Sprinting is a foundational movement in which athletes in all sports should be proficient. This doesn’t mean that all athletes should train like 100m sprinters, but if you look like a baby deer when you sprint, it’s likely a symptom of poor general movement proficiency. However, this article series isn’t going to be about how to get faster or an in-depth breakdown of the biomechanics of sprinting. Instead it’s about what sprinting can teach us about high velocity throwing.

In parts 1 and 2 we’re going to provide movement context for throwing through a sprinting lens. In part 3 we’ll cover programming considerations for sprinting and throwing.


Posture is an important component of health and fitness, as positions drive movement. The starting position of a body segment influences the subsequent movement. For example, if a pitcher presents with a depressed scapula, getting overhead may be more difficult for them than an athlete with a neutral scapular position. This may lead to compensations in movement or muscular development. More dynamic movements such as sprinting or throwing are no different.

Posture changes precede all movement. During acceleration sprinters are close to a 45-degree angle as they attempt to produce as much horizontal force as possible. As sprinters move through acceleration they gradually become more upright as they head into maximum velocity sprinting or upright running. As their posture changes the relative proportion of horizontal and vertical force changes as well. Sprinters alter their posture to maximize force production depending on the phase of sprinting.

When a pitcher begins their delivery, they must also create as much horizontal force, i.e. towards home plate, as they can (COM shift) while balancing the vertical forces required to stay upright. Additionally, as they lift their leg they will flex their torso, heading into foot strike they will extend their torso, and heading into ball release they will flex their torso again. This is what Paul Nyman refers to as “bow-flex-bow”. As you would in a counter movement jump this flexion-extension-flexion places a stretch on the elastic components and allows for an amplification of force when the sequence is timed correctly.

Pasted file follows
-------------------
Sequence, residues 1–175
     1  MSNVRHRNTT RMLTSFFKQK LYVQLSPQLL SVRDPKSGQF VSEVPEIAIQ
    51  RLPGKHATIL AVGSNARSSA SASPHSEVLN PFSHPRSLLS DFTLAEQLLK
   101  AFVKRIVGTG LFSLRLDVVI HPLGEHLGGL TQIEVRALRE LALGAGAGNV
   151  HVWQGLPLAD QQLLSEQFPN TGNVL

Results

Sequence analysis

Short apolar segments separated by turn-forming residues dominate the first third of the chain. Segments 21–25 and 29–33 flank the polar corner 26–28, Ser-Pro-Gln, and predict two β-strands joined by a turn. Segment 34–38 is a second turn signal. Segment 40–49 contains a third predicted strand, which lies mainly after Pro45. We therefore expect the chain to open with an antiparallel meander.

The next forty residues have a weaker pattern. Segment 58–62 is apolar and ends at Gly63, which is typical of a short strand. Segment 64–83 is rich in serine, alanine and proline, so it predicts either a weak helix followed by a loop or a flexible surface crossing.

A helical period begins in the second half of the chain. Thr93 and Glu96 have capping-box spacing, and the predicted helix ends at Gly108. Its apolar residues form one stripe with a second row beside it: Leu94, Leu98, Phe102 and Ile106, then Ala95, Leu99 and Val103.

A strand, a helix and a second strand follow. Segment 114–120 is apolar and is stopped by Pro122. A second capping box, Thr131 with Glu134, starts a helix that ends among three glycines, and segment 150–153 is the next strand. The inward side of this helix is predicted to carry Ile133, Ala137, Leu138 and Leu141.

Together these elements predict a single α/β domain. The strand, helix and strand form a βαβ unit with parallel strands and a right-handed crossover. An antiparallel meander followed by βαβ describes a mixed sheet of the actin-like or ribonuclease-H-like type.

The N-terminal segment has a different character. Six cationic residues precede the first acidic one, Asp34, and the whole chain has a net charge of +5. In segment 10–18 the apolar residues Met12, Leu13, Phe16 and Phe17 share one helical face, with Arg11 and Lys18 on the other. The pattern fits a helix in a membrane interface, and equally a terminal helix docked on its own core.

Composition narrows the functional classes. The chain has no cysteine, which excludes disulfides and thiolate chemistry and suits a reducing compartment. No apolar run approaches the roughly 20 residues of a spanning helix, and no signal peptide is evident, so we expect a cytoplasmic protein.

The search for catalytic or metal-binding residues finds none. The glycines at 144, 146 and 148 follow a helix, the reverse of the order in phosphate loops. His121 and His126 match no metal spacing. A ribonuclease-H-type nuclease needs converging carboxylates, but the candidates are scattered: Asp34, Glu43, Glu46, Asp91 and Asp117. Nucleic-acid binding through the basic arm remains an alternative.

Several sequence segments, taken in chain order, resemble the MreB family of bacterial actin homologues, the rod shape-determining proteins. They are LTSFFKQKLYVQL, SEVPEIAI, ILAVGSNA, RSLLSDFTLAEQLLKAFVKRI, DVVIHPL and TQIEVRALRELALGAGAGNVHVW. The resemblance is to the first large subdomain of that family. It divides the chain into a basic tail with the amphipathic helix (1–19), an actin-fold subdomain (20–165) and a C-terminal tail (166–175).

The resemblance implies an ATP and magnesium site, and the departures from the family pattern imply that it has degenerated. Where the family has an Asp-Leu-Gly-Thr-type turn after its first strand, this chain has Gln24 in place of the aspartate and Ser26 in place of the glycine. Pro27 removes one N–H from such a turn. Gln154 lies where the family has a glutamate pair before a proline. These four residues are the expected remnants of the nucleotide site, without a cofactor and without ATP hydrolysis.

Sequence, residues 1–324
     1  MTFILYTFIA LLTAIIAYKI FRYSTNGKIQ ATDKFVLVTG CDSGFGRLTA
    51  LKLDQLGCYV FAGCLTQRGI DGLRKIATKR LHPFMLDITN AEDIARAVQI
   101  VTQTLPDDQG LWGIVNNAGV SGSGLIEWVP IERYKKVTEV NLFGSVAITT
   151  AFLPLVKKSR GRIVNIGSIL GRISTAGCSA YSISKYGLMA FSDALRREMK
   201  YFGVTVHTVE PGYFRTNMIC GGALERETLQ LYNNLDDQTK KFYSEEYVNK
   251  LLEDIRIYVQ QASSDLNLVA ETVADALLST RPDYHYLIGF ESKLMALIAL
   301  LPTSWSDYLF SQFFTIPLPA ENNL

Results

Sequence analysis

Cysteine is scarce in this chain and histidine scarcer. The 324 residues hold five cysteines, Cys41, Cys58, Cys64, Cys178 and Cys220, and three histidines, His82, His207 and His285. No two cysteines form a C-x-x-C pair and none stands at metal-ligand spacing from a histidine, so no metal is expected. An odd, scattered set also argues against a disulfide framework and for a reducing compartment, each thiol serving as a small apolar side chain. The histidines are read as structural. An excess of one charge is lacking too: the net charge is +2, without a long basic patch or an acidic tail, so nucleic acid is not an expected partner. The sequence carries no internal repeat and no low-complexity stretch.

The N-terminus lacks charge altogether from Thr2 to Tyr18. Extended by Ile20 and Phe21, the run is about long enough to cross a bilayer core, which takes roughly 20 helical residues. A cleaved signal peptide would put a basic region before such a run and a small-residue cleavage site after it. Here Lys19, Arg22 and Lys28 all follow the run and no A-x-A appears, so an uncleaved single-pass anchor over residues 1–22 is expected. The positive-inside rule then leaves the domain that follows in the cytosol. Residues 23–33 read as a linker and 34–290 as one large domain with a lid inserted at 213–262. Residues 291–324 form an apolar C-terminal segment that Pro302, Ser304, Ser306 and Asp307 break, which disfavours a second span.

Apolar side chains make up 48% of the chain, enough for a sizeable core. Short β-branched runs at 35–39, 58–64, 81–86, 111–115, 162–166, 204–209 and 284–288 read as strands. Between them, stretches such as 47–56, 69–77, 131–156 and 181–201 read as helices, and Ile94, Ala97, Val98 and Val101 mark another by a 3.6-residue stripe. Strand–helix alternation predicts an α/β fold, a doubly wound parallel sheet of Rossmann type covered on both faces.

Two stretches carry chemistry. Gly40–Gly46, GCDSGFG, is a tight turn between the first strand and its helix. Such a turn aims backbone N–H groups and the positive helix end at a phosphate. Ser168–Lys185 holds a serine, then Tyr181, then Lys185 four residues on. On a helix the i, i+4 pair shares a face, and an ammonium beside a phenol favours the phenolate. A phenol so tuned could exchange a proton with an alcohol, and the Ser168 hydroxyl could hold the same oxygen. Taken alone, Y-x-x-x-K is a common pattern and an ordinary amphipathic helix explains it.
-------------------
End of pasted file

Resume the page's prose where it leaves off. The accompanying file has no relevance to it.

Stride Length

The math for sprinting speed is relatively simple in theory: Stride Length x Stride Frequency (how far you step and how quickly you cycle your feet). Increase one of these factors while maintaining or improving the other factor and speed increases. While that is true, in practice it is a bit more complex than that.

If stride length is too great (generally more than a few inches in front of the COM), braking forces occur, meaning an athlete’s ground contact time becomes greater and they get less elastic return. This is why just trying to increase stride length in isolation does not make you faster. The process must be gradual and use motor learning principles to integrate this element into the entire sprinting pattern.

SpeedPowerPlay using wicket runs with rugby players.